My mother is the last of her siblings and gets my grandfathers retirement from several investments he made. She told me that she had the option to spread the money to all grandchildren or keep it. She is planning on keeping the monthly amount. S...
It is likely that the information that she is unwilling to share (probably about the specific value of assets and the income streams they produce ) are confidential, such that the applicable institutions will be unwilling to share the information with you, even if you could figure out what the assets were. So, in sum, I don't think there is a way for you to get the information.
However, it might be worth trying a more "win-win" approach. Perhaps you could talk to your mother and suggest to her that maybe she would qualify for more or other benefits through estate planning (or medicaid planning). If you don't think she would, than don't try this approach. However, if you think there is a possibility that she would qualify for Medicaid but for the additional income, maybe it would be worth looking at. If she agrees, you should contact an Elder Law attorney for a consult.
Short of encouraging her to cooperate, I don't think you will find out information about the assets in question.
Good luck.See question
I am an adult paraplegic with a brother and sister as co-trustees, which were in cooperation with each other and were stealing from the family trust even before my final parent died,now months after the estate was settled I still have not received...
The other answers are correct and appropriate. In similar cases handled at our office, we have had Trustees try to allege that efforts to remove the constitute a challenge of the trust. In our experience, courts can differentiate between challenging a trust and enforcing it. This is important to us because we don't want courts even considering "no contest clauses," which are enforceable (allegedly) in Utah--where our primary practice is set.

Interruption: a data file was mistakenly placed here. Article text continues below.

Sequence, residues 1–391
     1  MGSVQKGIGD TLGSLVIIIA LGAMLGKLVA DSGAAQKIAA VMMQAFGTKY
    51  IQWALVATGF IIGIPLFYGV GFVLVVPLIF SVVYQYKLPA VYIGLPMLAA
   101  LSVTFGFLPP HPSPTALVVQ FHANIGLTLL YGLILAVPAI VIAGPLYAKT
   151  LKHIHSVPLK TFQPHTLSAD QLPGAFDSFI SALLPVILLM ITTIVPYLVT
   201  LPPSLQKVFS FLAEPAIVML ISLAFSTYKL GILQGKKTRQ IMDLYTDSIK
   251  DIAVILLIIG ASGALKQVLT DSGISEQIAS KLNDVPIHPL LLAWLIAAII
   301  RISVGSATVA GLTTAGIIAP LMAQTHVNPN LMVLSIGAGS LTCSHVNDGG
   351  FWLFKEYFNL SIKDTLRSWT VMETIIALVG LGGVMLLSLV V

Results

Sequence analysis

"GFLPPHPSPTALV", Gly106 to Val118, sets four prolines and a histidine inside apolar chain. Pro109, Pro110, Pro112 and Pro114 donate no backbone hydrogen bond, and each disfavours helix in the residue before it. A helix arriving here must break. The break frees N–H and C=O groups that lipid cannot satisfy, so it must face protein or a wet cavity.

Best of luck.See question
I signed over guardianship to my Aunt and Uncle who live in Portland, Oregon. The case was in Utah and DCFS was involved until I signed the guardianship over. Its now been 3 years and I want my girls back. I've done everything asked of me. My aunt...
You really need to go see a lawyer--if there is a guardianship in place, something will have to happen to address it, and that something will likely involve a court proceeding and/or DCFS. If you have limited means, you may want to contact the Utah State Bar and see if there is a "low bono" attorney that can help (at a reduced fee). You may also want to contact Utah Legal Services.See question
The Mother sent a letter by way of lawyer to get me to give the funds to the kids. What protection do I have by law and will she be able to force me to give the funds to them without a law suite?
You may have set up the accounts as being owned by you, but somehow attaching the grandchildren's names. If that is the case (i.e., if the account were owned by you), you can close them any time without consequence.